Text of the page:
Can I refuse to take a field sobriety test?

Can I refuse to take a field sobriety test? You may ask yourself if pulled over for suspicion of driving while intoxicated or impaired and to find out more read on. A police officer may choose to administer one field sobriety test or a combination of tests. The accuracy of determining impairment increases when multiple tests are employed. You may refuse to take a field sobriety test. As a personal injury lawyer in Houston who has almost two decades of experience and has represented thousands of clients, I get asked several questions about driving, accidents and even criminal questions about DWI’s, Driving While Intoxicated or Impaired. I am not a criminal lawyer even though I have successfully assisted friends in the past with their DWIs so when someone asks a question I try to help but if they need representation I point them to someone who I consider one of the best DWI lawyers in Houston, TX.

gavel and scale of justice with DWI tag
Suspicion of Driving While Intoxicated Could Lead to a Field Sobriety Test in Houston, TX or Harris County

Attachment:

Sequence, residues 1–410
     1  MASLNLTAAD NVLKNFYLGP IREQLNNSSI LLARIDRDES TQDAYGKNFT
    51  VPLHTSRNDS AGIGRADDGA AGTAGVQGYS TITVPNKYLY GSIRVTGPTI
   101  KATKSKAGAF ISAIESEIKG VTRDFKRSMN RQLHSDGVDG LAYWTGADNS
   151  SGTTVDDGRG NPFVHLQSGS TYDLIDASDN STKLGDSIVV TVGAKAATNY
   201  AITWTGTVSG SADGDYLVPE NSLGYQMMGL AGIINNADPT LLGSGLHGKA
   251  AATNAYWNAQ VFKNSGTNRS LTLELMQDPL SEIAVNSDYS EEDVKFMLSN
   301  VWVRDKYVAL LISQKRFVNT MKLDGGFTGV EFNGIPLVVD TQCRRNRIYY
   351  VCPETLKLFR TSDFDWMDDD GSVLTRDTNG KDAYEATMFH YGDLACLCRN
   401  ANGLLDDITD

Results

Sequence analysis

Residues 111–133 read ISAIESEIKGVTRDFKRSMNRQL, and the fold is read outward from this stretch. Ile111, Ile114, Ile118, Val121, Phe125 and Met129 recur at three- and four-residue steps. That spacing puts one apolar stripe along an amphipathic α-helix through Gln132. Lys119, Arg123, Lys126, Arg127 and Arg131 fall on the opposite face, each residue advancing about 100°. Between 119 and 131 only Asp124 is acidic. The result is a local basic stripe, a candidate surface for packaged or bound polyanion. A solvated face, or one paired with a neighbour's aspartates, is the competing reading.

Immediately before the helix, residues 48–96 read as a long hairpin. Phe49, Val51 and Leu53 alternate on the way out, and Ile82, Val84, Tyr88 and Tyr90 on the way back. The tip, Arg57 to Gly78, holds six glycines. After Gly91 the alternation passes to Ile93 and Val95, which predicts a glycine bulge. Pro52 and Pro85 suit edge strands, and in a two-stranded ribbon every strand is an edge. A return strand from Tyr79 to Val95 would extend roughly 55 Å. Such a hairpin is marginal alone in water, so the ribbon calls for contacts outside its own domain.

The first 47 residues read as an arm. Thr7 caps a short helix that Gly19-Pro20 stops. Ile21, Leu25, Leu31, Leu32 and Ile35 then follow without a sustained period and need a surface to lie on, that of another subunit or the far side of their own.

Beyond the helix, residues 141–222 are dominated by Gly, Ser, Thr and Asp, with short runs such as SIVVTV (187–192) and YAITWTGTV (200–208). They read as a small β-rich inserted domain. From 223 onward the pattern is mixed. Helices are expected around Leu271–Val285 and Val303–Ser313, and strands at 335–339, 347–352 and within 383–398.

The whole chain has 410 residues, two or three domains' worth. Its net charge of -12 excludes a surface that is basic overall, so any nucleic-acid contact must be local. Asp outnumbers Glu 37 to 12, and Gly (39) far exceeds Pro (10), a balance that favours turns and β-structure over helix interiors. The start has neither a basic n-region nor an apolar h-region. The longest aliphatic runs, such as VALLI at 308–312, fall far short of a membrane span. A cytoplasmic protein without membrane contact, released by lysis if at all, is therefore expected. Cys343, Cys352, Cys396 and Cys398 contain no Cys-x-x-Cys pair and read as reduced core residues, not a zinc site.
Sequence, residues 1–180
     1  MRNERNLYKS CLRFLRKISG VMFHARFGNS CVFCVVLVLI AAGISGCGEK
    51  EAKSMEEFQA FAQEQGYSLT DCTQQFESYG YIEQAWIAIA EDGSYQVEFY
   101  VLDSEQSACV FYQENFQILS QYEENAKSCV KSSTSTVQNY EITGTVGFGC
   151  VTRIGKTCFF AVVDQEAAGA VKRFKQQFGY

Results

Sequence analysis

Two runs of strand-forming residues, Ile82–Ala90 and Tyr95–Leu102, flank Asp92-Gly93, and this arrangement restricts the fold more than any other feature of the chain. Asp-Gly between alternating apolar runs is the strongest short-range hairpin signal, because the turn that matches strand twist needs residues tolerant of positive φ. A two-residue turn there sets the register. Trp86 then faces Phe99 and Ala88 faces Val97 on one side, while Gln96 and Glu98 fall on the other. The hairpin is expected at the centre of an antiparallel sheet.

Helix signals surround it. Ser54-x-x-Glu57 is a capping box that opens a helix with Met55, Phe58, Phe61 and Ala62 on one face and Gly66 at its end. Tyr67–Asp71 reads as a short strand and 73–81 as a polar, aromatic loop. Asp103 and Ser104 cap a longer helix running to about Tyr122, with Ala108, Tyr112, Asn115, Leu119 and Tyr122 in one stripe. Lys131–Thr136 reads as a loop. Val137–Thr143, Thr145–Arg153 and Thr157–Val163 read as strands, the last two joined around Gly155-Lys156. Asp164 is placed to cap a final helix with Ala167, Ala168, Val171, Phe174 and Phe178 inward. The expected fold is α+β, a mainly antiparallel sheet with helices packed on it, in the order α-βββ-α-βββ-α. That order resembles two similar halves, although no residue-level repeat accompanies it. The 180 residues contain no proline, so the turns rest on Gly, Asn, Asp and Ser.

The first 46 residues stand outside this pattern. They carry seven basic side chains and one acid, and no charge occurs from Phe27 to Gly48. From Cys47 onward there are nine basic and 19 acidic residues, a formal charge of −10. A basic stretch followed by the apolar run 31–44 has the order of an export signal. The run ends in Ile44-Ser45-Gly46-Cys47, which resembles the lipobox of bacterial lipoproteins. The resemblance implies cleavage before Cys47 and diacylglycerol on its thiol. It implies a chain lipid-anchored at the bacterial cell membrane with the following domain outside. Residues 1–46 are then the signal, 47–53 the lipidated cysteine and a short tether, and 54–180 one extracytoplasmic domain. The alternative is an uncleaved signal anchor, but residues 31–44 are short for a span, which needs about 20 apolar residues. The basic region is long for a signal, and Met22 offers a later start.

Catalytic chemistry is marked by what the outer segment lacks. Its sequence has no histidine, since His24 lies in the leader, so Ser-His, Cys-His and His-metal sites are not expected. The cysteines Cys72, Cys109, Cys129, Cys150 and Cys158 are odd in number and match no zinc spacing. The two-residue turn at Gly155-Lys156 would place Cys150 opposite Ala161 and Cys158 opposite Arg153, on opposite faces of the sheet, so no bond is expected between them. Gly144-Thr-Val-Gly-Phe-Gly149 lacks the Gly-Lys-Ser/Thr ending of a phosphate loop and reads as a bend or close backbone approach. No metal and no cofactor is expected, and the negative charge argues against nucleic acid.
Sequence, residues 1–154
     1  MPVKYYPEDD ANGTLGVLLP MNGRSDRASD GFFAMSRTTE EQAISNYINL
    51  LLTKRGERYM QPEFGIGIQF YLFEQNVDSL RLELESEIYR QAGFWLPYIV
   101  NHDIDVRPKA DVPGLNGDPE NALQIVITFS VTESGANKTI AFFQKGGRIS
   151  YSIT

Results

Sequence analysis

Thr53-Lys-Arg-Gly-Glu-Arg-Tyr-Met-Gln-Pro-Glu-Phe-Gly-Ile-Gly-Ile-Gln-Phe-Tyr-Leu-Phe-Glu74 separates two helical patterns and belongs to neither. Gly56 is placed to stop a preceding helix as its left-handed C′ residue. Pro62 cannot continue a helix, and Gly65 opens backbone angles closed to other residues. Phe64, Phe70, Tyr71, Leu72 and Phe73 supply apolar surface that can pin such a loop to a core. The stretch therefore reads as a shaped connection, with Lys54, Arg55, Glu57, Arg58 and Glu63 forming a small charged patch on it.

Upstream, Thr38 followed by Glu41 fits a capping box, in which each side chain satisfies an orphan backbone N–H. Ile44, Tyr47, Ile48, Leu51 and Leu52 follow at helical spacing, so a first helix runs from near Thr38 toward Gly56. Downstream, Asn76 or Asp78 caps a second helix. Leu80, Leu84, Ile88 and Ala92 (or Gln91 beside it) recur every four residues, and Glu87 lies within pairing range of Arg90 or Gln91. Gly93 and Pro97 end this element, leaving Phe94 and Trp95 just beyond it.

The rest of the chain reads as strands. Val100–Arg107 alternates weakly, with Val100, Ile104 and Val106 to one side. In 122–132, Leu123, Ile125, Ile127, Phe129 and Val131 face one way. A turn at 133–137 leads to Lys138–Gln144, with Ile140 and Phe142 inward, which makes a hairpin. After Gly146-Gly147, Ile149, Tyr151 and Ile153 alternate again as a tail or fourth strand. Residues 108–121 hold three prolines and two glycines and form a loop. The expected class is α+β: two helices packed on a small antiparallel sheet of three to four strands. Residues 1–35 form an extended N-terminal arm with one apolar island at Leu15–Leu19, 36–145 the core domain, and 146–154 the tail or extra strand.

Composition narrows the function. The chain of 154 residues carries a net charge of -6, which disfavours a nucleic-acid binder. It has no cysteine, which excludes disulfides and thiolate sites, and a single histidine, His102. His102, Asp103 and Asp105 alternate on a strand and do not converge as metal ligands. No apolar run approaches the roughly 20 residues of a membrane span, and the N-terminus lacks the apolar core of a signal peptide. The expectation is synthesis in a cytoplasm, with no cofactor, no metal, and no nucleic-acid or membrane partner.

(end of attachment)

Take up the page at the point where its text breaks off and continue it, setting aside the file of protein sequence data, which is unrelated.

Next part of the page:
What is the consequences for refusing to participate in a Field Sobriety Test when suspected of DWI?

While there are may be no penalties for refusing to consent to a field sobriety test, there can certainly be consequences for refusing to participate. One consequence is that an officer may use a driver’s refusal to perform a field sobriety test when determining the issue of probable cause to arrest. What’s more a jury may infer that a driver’s refusal to submit to a test is evidence of intoxication.

Standardized Field Sobriety Tests (SFST’s)

Standardized Field Sobriety Tests, or SFSTs as they are more commonly known are those series of roadside exercises you have seen people doing on the side of the road late at night, or perhaps you yourself had to perform these tests recently.

There are three (3) SFSTs; the Horizontal Gaze Nystagmus (HGN), Walk and Turn (WAT), and the One-Leg Stand (OLS). These tests are the means by which an officer determines (based on your performance) whether or not you are intoxicated, and therefore, whether or not he/she has established probable cause to arrest you for DWI.